I came across Trent at The Simple Dollar Blog and he has the most accurate article on planning purchases that makes today's Motivational Monday even more relevant.
A lot of people naturally plan for big purchases like a vacation, buying a house or car or paying for school. It's just necessary. But a lot of us don't account for smaller, "minor" things like dining out or buying a sweater.
"Let’s say you go shopping with a friend. On a whim, you buy a new dress, then the two of you go out to dinner together and head out to a movie. For many people, this is a nice, fun evening.Trent suggests putting a set amount of money ($100) in your wallet as cash for the pay period. Be as spontaneous as you want with that money but when it's gone, it's gone until payday.
The worrisome side of it comes later. You go home, look through your credit card statements, and realize that the $50 you spent tonight – previously unaccounted for – has now completely tapped you out. You haven’t got enough money to cover the electric bill. So you pay it late – and there’s a late fee on next month’s bill. But by then you’ve moved on to another completely unplanned expense."
"One big danger when people follow this idea: they put their $100 in their wallet and then find it’s gone by the ninth of the month. Then they spend twenty one days miserable, thinking that this plan is stupid or talking themselves into getting more out of their checking account.
Don’t. Live out the month. Then, sit down at the end of the month and take a serious look at the month as a whole. Did you give up anything vital during those twenty one days? Did you do anything during those nine days that didn’t really add any value to your life?
You might find that by taking a real look at your spontaneous spending that you’re doing things that you don’t really find valuable. The next month, that money might hold out until the twenty seventh of the month, simply because you’re a bit more selective in what you do with your mad money – and there’s no adverse effect on your happiness at all."I have successfully put this plan into effect last payday and it has been an big eye opener. I've always tried it, found myself running out of money after the first few days so I would dig into my savings or any extra money I could find and it would be a vicious cycle.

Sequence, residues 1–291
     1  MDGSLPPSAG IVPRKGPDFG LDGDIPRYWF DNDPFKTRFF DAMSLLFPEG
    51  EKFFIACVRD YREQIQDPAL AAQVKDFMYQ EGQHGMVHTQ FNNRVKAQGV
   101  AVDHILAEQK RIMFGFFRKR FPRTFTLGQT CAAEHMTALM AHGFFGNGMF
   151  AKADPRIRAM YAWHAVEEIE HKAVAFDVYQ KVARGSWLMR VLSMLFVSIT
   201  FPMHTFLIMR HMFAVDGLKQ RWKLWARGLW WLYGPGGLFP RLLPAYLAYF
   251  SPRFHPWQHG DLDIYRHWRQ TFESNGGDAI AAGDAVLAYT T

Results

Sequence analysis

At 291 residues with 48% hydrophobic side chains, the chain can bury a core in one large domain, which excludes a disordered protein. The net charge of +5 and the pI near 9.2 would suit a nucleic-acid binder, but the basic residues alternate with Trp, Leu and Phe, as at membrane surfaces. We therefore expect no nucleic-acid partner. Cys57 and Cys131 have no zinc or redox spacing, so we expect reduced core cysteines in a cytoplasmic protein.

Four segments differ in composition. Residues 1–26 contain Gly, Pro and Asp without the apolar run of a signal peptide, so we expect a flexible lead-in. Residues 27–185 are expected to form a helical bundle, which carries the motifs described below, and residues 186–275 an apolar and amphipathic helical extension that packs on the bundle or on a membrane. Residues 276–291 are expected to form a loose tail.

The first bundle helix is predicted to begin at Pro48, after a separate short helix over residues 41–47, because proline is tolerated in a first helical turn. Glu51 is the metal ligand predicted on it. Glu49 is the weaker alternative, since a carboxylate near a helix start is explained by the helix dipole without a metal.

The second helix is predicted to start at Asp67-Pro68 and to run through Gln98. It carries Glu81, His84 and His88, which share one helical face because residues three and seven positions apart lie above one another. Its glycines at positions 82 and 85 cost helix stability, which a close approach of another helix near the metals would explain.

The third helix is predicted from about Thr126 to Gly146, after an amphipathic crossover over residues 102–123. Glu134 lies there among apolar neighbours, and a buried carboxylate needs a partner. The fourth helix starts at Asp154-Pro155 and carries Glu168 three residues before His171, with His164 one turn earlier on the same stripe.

These past two weeks I've planned. There have been situations that I've made big changes but I haven't really missed out on anything. I have money in my accounts, I'm building my savings and it feels great.
This past weekend I had fun. Friday night we visited a friend who was dog sitting to keep her company. M and our friend ordered take-out but I decided to bring my own dinner from home. I ate something equally delicious and missed out on nothing. I wanted to bring a little sweet treat for dessert and thought about going to the store to pick something up. Instead, I saved $4 by looking through my cabinets and combining an old jar of Nutella and some graham crackers. It worked just as well.
Saturday I wanted a night out with the girls like we used to. I gave myself $20 to cover cabs and drinks and that was it. We bar hopped and managed to stay out late and even grab a slice of pizza and I spent exactly $19. I didn't owe anyone drinks and I didn't over pay for anything we shared. We had a blast and although I was very aware of how much money I had, it didn't hold me back.
Sunday the girls wanted to watch the Packer game at a bar (yes, all my friends here are from WI, it's not easy being a Viking fan!). I didn't want to stay home but I needed to plan ahead because as payday approaches, funds are pretty low. I had exactly $30 left for the week, leaving $15 for food and $15 for fun. Normally we each buy a pitcher of beer ($12) and food ($15). On Sunday morning I looked at the bar's website to see what their menu and deals were like. An order of fries were $5 and I could drink unlimitted Diet Coke for $2.50. With tip, I spent $10 and still had fun and didn't waste a Sunday evening drunk. Yes, it was difficult to be smart but I don't regret it one bit.
I bought groceries for the week, which also made me plan ahead. I bought a box of cereal to last me 4 breakfasts this week (we get free breakfast at work every Friday), I bought a carton of eggs, coffee creamer and a rice side. I made thai food to bring for my lunches this week and will be resourceful with what I have in my cabinets for my dinners. With all that, I still have $3 left over, just in case a little something comes up.
I think I've finally realized the theory of "when the money is gone, it's gone" and it has become somewhat of a fun challenge for me. How far can I stretch this money? How much can I do with it and still have some left over when the next payday rolls around? Knowing that retaining money is for such a good cause and that there can be some really great benefits if I keep at it is all the motivation I need.
Failing to plan is planning to fail.-- Alan Lakein